Poway Unified sells Rancho Bernardo land to health care company

by Joanne Faryon | inewsource

Following nine years of debate and deal-making, the Poway Unified School District finally sold an 11-acre parcel of land in Rancho Bernardo to the highest bidder: a healthcare company.

San Diego-based AmeriCare Health and Retirement Inc. bought the property, dubbed the “water tower” site, for $7.38 million.

“Our intention is to build a senior living community under our brand name Silvergate,”  Matt Petrie, AmeriCare’s director of property development, said.

The school board approved the sale at a meeting Monday night.

AmeriCare outbid two other companies: Shea Homes which offered $7.3 million and Nierman Pearlman Properties with an offer of $6.65 million.

The property was originally earmarked for a school, but a study of the demographics in the area determined the district doesn’t need to build one.

The fate of the land has been debated for years. Developers had shown interest in building homes on the property, but community members said they need more park and recreation space. In 2006, the district had even tried to swap the vacant land in exchange for a new administration building. But the deal fell through.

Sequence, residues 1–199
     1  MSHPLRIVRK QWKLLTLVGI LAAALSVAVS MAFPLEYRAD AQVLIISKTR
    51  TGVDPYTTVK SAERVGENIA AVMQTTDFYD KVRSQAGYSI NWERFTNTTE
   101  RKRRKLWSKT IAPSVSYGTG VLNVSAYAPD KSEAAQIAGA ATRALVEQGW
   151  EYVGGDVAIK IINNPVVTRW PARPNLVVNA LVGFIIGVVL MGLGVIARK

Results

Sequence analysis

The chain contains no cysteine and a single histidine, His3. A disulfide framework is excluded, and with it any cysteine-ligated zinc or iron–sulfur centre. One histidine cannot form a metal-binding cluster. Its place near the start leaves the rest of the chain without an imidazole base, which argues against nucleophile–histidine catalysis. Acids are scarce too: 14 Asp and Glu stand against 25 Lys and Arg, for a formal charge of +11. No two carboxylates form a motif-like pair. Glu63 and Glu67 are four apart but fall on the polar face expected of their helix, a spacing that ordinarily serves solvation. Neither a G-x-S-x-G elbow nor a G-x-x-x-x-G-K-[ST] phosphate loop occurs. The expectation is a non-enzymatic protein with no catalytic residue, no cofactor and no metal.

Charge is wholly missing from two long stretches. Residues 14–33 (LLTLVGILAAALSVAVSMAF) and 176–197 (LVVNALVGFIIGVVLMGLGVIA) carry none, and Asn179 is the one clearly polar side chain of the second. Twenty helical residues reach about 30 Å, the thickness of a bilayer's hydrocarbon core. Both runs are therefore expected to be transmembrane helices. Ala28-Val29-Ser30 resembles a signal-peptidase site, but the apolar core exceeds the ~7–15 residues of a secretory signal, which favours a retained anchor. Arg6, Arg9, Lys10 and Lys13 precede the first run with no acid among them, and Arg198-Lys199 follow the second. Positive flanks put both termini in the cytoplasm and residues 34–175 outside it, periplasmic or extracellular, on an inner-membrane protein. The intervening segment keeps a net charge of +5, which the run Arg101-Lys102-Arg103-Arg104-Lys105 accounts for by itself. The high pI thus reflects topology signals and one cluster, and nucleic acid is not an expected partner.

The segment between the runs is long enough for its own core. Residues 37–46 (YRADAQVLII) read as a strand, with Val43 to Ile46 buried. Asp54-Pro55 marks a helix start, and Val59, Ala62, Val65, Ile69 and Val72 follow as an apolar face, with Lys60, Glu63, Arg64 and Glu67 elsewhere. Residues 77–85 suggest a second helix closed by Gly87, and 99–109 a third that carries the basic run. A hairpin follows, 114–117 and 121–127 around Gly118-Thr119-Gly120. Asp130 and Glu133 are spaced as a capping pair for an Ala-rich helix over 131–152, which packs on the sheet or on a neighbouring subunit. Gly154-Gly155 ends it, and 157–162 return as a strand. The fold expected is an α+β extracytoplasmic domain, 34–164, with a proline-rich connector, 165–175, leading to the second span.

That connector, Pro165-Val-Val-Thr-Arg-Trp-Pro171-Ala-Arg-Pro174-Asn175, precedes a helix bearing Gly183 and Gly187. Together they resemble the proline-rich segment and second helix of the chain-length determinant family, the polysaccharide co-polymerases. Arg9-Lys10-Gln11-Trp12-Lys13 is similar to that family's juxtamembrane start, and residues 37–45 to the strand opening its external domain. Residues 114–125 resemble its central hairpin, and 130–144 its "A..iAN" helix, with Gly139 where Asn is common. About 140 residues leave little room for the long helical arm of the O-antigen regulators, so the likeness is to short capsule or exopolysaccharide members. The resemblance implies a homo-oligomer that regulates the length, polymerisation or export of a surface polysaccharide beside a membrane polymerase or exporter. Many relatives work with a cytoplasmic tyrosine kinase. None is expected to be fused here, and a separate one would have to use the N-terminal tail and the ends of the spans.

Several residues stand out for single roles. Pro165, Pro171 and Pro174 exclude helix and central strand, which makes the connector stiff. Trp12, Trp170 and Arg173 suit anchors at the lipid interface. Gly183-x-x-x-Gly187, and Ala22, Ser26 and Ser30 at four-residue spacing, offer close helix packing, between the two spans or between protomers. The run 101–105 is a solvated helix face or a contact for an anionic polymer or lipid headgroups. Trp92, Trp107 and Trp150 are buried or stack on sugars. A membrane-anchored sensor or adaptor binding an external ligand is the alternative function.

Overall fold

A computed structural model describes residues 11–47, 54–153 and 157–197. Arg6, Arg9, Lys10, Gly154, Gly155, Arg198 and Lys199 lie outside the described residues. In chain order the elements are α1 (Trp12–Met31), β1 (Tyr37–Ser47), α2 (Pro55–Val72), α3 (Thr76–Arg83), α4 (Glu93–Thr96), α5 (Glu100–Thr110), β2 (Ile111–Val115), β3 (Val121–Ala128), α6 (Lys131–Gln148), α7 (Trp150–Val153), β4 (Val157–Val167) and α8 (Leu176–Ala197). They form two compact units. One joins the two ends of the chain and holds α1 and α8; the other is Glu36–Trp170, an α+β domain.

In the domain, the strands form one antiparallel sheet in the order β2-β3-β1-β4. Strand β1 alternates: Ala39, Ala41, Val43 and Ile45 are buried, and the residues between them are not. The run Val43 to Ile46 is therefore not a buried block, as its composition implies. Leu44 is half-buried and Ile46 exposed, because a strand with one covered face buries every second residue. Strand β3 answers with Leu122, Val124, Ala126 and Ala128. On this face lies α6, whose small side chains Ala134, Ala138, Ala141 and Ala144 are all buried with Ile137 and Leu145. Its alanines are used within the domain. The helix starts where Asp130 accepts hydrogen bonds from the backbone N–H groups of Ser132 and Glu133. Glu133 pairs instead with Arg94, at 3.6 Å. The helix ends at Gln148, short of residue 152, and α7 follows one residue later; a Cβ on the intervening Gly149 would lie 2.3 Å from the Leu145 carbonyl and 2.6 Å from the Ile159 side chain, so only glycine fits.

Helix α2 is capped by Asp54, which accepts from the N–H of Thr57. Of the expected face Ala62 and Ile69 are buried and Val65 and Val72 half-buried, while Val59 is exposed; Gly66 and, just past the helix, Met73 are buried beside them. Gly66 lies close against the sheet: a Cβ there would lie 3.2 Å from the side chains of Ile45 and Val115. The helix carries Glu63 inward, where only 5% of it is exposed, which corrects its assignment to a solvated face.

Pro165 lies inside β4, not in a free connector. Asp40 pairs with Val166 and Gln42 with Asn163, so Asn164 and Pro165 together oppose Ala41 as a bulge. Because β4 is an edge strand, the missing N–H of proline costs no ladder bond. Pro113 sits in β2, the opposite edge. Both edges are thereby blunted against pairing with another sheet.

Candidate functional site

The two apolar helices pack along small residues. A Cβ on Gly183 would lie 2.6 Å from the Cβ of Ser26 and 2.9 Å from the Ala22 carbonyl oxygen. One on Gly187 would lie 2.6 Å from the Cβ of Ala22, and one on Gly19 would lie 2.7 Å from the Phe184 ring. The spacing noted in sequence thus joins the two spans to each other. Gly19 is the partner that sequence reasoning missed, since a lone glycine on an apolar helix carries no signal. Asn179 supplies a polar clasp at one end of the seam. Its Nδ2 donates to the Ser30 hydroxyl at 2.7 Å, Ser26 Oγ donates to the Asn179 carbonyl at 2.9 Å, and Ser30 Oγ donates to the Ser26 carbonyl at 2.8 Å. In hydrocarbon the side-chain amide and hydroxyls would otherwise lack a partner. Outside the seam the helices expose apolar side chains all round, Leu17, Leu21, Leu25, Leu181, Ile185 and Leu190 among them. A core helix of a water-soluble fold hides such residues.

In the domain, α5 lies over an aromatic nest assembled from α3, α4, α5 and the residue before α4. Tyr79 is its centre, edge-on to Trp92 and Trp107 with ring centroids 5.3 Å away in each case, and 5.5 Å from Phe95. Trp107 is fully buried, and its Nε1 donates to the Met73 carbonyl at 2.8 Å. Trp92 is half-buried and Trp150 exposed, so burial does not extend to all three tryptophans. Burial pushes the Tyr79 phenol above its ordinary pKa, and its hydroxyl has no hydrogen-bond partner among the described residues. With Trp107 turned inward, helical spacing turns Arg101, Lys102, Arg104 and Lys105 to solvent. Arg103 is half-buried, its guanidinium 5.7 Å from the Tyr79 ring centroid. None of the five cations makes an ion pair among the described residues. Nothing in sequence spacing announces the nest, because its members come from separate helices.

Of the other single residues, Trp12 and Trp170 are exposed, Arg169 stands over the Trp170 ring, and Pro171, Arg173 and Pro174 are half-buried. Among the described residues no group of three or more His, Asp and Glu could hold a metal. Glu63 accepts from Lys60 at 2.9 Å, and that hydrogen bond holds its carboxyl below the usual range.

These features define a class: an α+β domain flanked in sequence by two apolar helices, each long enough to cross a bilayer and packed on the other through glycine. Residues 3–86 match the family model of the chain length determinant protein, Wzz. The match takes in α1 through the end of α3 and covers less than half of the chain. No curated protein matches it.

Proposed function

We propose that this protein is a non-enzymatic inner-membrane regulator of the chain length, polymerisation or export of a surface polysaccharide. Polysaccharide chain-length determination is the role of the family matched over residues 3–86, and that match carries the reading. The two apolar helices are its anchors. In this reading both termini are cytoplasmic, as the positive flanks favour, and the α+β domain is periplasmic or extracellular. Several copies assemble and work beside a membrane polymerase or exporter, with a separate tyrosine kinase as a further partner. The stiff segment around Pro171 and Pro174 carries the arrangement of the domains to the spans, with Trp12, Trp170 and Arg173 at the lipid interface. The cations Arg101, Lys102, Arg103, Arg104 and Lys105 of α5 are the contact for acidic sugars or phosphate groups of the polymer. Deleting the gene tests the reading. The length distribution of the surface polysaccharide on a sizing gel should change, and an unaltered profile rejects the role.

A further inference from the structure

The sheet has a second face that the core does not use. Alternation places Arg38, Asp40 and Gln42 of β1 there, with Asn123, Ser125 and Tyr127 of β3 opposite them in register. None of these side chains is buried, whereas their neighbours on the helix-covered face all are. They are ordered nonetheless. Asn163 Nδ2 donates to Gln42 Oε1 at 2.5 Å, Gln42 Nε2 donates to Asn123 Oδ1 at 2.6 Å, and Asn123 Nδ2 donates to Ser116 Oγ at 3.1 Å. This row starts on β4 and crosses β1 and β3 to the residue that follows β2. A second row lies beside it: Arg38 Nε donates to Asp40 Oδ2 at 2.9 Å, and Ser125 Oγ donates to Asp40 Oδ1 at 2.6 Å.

AmeriCare’s bid came as a surprise earlier this month. The company had shown interest in buying the land in 2011, but was not aware it was officially up for bid until recently.

There are zoning hurdles AmeriCare will have to overcome in order to build a senior community, but Petrie said the company plans to work with the residents and the city.

The district plans to use the proceeds from the sale in its operating budget.

A new state law that allows school districts to put the profits from surplus property sales into its operational budget, until 2016.

District officials also promised to use some of the money to pay back its Mello-Roos special tax account.

An inewsource investigation earlier this year revealed the district used Mello-Roos funds to market the water tower site and three other surplus properties it owns.

The district paid a consultant about $150,000 to evaluate the properties and meet with potential buyers.

Mello-Roos taxes are supposed to be used for infrastructure costs in new developments.

The school board also approved applying for a waiver from the state, which would allow it to sell its three other properties without a public bidP. Instead it could sell the land using the Request for Proposal (RFP) process.

Trustee Kimberley Beatty was the only school board member to oppose applying for the waiver, citing concerns about public transparency.

Beatty said she wasn’t sure “why we couldn’t do this (sell the land) in an open bidding process.”

There will be a public meeting to discuss the waiver in January.

 

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About Joanne Faryon:

Joanne Faryon is a freelance reporter and former inewsource and KPBS reporter.